- Money quote: “The fundamental question of our time is whether the West has the will to survive. Do we have the confidence in our values to defend them at any cost? Do we have enough respect for our citizens to protect our borders? Do we have the desire and the courage to preserve our civilization in the face of those who would subvert and destroy it?”
In The Atlantic
, Peter Beinart calls Trump’s speech racially and religiously paranoid
. It’s worth a read in full, but here’s an excerpt:
In his speech in Poland on Thursday, Donald Trump referred 10 times to “the West” and five times to “our civilization.” His white nationalist supporters will understand exactly what he means. It’s important that other Americans do, too.
The West is not a geographic term. Poland is further east than Morocco. France is further east than Haiti. Australia is further east than Egypt. Yet Poland, France, and Australia are all considered part of “The West.” Morocco, Haiti, and Egypt are not.
The West is not an ideological or economic term either. India is the world’s largest democracy. Japan is among its most economically advanced nations. No one considers them part of the West.
The West is a racial and religious term. To be considered Western, a country must be largely Christian (preferably Protestant or Catholic) and largely white. Where there is ambiguity about a country’s “Westernness,” it’s because there is ambiguity about, or tension between, these two characteristics. Is Latin America Western? Maybe. Most of its people are Christian, but by U.S. standards, they’re not clearly white. Are Albania and Bosnia Western? Maybe. By American standards, their people are white. But they are also mostly Muslim.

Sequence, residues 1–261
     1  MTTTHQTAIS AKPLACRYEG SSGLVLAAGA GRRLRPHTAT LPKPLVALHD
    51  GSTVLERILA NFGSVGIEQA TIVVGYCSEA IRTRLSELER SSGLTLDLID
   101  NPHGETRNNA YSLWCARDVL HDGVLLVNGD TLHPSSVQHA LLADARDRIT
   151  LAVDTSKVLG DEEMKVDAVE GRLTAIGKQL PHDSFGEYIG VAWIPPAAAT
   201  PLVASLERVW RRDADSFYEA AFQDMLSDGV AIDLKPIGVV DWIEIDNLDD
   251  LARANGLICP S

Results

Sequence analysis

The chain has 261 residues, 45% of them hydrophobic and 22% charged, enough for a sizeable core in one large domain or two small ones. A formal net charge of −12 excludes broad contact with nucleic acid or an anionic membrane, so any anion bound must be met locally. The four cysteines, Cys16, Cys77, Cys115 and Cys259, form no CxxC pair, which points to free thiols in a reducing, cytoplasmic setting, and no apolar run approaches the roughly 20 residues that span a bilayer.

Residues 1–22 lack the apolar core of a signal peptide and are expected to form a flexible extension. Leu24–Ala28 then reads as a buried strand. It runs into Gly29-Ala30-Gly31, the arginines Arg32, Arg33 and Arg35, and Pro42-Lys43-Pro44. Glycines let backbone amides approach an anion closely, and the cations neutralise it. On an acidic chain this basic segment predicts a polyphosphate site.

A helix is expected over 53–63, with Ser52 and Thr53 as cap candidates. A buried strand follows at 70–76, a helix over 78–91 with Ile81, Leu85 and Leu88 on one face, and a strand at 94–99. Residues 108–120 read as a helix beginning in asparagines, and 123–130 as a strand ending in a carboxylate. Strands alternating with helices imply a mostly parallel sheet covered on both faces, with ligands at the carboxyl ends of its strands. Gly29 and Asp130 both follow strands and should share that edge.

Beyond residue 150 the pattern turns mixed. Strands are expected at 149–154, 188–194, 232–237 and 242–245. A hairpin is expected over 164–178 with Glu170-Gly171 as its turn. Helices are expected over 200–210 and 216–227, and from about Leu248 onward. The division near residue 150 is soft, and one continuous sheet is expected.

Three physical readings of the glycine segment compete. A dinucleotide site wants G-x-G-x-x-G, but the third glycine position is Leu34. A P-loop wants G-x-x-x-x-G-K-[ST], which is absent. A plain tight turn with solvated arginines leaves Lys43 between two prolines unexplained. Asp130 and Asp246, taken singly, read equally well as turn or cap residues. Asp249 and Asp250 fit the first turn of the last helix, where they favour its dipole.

Steve Bannon, who along with Stephen Miller has shaped much of Trump’s civilizational thinking, has been explicit about this. In a 2014 speech, he celebrated “the long history of the Judeo-Christian West struggle against Islam” and “our forefathers” who “bequeathed to use the great institution that is the church of the West.”
During the Cold War, when the contest between Soviet and American power divided Europe along geographic lines, American presidents sometimes contrasted the democratic “West” with the communist “East.” But when the Cold War ended, they largely stopped associating America with “the West.” Every president from George H.W. Bush to Barack Obama emphasized the portability of America’s political and economic principles. The whole point was that democracy and capitalism were not uniquely “Western.” They were not the property of any particular religion or race but the universal aspiration of humankind.
3. TRUMPCARE’S VERY BAD DAY.
In a statement that fully illustrates the the absurdity of modern American politics, Senate Majority Leader Mitch McConnell said yesterday
that if Republicans couldn’t get fifty votes for their Affordable Care Act replacement, he’d have no choice but to—wait for it—negotiate with Democrats.
WHAT IT MEANS: